The exception to immunity in the general immunity statute calls into question the type of conduct that would rise to a level of gross negligence. Gross negligence is defined in Louisiana case law as “willful, wanton, reckless conduct that falls between intent to do wrong and ordinary negligence,” “lack of even slight care and diligence,” and “utter, complete or extreme lack of care.” While the definition does not provide a bright line rule, it reflects that the conduct must move well beyond simple negligence to defeat immunity.

For a business seeking to manage the risks arising from COVID-19, some best practices emerge: (1) monitor the COVID-19 procedures of government authorities to keep informed of the latest recommended or mandated procedures, (2) institute compliance protocols, (3) document and administer those procedures to show compliance, and (4) most obviously, avoid actions or omissions that may be construed as grossly negligent, wanton, or reckless.


Mary Anne Wolf is an engineer/attorney with a construction background who represents design professionals, contractors and others in construction litigation. She also gives seminars on the subject. She enjoys travel, yoga and encouraging her husband in his gardening and cooking endeavors.

A Decade Old Article Finds New Life: Televised Testimony

Courts across the country now grapple with the changing face of trials in a time of social distancing and spikes of COVID-19 complicated by the confines of the courtroom. Attorneys and litigants must also adapt to this new “normal.” In this setting, an older law may help to bring new technology into the courtroom.

COVID-19 spawned the immediate use of videoconferencing and other technology in the courtroom. Fortunately, over a decade prior to the current pandemic, the Louisiana Legislature adopted Louisiana Civil Code of Procedure article 1633.1 which expressly provides for live televised testimony at a trial. Pursuant to Article 1633.1:

The court may order, upon a showing of appropriate safeguards, live testimony of a witness to be presented in open court by teleconference, video link, or other visual remote technology, if the witness is beyond the subpoena power of the court or when compelling circumstances are shown. The order may be entered at a pretrial conference or, in exceptional circumstances, on motion set for hearing at least ten days prior to trial or at another time that does not prejudice the parties.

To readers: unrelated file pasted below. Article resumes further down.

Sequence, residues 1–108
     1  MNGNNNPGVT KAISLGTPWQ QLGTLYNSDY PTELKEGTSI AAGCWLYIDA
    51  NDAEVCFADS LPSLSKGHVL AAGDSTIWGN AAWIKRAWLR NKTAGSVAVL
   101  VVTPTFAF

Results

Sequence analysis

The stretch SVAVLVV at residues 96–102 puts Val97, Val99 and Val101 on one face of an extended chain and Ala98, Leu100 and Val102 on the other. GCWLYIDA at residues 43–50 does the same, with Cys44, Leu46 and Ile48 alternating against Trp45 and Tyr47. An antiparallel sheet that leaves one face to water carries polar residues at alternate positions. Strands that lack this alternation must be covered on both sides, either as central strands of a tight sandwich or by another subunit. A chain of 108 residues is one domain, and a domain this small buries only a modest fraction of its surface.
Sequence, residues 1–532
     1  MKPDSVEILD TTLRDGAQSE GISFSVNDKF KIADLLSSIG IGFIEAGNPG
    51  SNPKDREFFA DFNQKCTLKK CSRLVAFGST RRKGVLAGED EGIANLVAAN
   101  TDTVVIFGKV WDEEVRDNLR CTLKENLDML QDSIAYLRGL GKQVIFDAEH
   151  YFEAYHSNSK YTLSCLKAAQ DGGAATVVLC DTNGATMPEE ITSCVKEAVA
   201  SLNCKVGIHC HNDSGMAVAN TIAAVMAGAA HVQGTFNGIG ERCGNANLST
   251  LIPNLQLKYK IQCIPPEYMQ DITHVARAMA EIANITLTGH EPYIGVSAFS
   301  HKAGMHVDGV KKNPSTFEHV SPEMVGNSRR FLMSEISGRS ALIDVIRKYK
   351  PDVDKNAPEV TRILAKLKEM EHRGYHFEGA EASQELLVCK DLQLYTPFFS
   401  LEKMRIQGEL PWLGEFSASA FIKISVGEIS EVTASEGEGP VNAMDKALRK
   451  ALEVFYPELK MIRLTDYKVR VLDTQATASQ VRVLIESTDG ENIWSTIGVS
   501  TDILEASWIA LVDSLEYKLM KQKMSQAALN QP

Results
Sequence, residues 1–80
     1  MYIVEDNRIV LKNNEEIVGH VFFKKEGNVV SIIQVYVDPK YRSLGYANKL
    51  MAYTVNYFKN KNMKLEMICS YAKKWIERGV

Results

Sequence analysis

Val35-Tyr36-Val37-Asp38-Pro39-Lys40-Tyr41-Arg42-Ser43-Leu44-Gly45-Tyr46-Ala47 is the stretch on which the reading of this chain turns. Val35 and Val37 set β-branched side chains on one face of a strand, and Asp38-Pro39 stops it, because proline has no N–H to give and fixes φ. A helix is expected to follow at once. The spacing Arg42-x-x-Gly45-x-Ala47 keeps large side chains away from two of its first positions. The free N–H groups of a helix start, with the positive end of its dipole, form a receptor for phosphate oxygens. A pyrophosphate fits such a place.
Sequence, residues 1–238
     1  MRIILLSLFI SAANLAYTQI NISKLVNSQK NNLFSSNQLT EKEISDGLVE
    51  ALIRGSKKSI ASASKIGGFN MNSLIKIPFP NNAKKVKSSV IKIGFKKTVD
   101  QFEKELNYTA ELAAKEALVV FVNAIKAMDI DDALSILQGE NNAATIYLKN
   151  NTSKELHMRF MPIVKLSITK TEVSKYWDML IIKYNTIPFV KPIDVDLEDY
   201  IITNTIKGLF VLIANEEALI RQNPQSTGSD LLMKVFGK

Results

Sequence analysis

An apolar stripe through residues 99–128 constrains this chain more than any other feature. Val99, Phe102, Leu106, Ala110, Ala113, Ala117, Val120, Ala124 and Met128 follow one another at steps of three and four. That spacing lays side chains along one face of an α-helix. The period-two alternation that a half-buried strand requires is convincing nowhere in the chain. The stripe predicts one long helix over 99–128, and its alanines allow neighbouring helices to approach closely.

The Article, titled “Live trial testimony by video,” does not limit the live video testimony feature only at trial. Commentary suggests that the term “trial” is intended to include evidentiary hearings on exceptions as well as summary matters. The comments further provide that a showing must be made to the court’s satisfaction of appropriate safeguards, such as (1) reliable transmission procedures and image quality, (2) an orderly process for reference to exhibits by the witness and all counsel or parties conducting the examination, and (3) an absence of any outside influence on the witness during testimony. Even if all the parties agree to the use of live televised testimony, the Article nevertheless requires a court order.

Pursuant to the Article, the court may order televised testimony when “compelling circumstances are shown.” These circumstances may exist where a witness has a pre-existing condition or is restricted from live attendance by their physician.  They may also exist for witnesses barred from work-related travel by their employer.

Although adopted in 2007, Article 1633.1 remains largely unused by both courts and litigants; it appears its time has come.